Microbeads in Toothpaste
Ever wonder what those little blue particles are in some toothpastes? One of our scientists did, and started to investigate their effects on teeth brushing. Known as microbeads or microplastics, these blue particles are usually polyethylene or polypropylene. They are commonly included as exfoliants in face cleansers, and may be added to toothpaste for visual effects.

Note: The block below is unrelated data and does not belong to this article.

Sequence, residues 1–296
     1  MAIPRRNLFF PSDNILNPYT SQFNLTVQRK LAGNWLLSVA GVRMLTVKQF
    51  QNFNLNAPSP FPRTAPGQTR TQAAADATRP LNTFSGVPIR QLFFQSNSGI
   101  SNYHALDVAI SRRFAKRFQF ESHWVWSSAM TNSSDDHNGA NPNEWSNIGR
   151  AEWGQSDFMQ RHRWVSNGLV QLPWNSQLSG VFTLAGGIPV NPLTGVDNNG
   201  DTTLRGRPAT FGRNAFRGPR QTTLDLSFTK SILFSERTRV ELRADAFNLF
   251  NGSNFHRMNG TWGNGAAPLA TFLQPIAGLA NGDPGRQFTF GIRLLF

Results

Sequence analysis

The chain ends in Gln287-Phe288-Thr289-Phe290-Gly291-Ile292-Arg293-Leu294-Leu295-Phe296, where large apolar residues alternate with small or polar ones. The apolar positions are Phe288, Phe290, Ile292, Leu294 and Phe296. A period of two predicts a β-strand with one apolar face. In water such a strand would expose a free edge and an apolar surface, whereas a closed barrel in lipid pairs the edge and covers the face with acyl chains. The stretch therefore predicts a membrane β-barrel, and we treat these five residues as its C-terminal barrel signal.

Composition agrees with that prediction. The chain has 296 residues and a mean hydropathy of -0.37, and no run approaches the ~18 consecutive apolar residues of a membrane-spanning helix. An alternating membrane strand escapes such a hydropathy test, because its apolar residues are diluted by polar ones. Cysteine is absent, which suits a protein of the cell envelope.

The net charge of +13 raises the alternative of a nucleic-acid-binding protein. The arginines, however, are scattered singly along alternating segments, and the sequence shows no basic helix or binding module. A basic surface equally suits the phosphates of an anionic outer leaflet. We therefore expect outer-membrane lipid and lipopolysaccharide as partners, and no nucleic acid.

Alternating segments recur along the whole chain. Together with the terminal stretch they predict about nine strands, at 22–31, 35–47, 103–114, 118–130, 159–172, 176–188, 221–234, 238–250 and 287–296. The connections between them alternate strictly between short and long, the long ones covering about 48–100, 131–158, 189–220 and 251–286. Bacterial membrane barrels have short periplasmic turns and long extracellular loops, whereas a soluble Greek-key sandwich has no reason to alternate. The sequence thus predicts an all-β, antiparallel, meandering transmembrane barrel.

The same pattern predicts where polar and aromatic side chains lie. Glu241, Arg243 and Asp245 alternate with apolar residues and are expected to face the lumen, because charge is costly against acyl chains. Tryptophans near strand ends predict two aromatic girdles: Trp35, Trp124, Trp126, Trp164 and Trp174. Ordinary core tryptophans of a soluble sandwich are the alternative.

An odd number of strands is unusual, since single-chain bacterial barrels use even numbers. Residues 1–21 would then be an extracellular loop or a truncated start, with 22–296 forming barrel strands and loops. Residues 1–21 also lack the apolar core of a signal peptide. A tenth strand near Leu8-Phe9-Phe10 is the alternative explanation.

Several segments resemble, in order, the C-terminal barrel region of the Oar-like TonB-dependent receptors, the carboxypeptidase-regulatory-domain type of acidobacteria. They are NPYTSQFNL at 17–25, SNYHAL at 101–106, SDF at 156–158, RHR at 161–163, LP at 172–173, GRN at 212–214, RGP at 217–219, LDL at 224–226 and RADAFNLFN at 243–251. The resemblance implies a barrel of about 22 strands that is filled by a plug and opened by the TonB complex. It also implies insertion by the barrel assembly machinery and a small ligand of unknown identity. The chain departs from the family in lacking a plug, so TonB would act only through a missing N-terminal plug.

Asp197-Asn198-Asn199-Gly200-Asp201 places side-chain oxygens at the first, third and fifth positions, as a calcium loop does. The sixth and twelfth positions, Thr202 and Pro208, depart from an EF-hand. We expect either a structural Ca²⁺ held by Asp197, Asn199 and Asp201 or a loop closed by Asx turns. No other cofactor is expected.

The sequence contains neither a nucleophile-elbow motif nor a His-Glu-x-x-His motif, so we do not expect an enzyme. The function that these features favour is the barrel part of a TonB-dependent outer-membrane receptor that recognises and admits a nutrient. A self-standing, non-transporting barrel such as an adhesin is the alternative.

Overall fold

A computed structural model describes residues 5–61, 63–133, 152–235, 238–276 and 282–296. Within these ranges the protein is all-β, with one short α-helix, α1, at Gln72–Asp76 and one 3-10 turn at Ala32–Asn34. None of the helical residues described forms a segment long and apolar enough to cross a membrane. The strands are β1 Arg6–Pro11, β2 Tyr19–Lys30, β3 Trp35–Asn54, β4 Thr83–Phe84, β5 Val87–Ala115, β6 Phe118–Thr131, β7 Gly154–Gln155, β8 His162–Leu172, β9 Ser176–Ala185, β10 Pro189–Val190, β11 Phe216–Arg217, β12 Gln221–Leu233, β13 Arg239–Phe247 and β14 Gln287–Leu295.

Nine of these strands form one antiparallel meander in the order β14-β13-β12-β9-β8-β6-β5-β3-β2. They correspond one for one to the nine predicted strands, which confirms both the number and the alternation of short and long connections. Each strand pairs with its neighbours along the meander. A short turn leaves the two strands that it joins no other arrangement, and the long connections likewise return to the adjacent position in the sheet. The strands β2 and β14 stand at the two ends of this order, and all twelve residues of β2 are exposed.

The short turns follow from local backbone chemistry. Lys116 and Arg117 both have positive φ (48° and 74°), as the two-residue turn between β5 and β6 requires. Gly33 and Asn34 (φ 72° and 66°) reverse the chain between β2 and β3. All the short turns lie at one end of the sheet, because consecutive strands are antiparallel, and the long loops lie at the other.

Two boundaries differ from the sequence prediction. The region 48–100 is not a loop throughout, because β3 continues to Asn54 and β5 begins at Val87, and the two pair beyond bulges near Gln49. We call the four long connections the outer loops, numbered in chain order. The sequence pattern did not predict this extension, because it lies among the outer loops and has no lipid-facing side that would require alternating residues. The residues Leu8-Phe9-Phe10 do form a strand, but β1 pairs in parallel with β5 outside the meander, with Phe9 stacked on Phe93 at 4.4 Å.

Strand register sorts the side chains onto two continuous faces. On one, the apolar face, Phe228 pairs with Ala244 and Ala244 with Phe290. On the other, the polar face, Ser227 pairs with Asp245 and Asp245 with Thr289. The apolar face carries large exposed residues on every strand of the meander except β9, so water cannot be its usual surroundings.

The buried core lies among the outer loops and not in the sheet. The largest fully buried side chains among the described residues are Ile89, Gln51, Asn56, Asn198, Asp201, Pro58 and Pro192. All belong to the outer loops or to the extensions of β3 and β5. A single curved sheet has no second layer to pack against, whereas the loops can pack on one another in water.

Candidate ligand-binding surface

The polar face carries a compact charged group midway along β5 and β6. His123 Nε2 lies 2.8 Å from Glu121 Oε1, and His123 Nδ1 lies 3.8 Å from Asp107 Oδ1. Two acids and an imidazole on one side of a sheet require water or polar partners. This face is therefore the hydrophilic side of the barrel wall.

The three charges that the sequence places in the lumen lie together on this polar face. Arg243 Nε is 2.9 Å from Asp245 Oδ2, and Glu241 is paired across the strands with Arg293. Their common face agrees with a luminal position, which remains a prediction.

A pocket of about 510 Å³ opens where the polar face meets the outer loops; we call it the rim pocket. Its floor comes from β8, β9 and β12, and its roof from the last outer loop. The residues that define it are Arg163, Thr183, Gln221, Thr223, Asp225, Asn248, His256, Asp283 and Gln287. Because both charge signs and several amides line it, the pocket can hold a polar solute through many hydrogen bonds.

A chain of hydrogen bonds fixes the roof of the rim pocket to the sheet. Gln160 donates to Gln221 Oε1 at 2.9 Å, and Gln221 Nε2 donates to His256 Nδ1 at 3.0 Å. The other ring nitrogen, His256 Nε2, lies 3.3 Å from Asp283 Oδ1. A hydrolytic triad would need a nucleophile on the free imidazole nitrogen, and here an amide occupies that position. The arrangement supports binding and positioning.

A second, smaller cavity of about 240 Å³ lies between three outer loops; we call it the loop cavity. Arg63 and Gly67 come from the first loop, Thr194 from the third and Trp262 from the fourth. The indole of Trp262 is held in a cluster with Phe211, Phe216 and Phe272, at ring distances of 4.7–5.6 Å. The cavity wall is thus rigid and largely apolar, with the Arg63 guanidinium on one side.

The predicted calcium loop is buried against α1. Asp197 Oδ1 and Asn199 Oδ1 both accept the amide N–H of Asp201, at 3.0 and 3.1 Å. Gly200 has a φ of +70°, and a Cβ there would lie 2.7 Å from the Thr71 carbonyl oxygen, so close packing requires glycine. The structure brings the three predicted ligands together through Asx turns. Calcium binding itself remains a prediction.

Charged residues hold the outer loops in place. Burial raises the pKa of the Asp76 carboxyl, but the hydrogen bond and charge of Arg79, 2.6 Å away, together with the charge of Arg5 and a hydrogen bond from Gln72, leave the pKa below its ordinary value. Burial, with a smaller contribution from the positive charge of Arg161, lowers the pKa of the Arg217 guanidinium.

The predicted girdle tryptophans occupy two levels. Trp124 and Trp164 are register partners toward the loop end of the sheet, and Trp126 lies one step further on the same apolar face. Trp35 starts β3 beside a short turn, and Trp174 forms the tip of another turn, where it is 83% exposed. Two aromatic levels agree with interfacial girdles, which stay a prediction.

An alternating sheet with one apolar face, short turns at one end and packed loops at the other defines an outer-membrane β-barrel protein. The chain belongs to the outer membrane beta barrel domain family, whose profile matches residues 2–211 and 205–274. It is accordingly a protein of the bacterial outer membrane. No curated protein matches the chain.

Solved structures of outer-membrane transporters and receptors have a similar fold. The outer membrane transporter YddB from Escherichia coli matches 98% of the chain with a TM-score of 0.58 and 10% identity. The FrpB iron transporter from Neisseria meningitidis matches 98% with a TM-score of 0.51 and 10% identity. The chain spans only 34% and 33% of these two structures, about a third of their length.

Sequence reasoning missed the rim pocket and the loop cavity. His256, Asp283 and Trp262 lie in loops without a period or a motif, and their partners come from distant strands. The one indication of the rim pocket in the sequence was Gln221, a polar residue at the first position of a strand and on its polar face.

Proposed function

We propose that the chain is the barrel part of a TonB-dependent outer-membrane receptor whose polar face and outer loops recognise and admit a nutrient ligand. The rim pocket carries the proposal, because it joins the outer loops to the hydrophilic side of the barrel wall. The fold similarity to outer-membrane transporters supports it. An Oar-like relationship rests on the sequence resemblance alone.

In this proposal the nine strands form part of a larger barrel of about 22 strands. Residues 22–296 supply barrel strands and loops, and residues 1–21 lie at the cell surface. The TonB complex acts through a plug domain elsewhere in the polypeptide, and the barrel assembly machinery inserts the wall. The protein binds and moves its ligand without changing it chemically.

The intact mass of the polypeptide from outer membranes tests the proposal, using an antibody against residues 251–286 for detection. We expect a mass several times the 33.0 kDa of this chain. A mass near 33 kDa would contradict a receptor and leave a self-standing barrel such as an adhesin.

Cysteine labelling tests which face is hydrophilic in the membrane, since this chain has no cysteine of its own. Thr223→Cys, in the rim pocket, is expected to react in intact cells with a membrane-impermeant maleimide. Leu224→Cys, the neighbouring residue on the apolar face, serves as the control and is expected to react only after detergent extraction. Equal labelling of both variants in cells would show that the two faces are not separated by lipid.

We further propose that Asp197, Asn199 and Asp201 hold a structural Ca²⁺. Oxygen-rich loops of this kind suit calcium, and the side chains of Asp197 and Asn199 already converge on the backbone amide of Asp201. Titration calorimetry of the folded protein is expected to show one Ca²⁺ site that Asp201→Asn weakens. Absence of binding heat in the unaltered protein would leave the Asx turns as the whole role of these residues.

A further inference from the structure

CPG researcher Lucas Rossier performed a bench top study comparing enamel wear using toothpastes with and without microbeads. A model enamel substrate was used in place of an actual tooth surface. Through optical and electron microscopy, Rossier showed greater scratching and abrasive wear in the toothpaste containing microbeads. Although the results may not be directly comparable to actual tooth enamel wear, they do demonstrate that the microparticles have an abrasive effect that is greater than the toothpaste alone.
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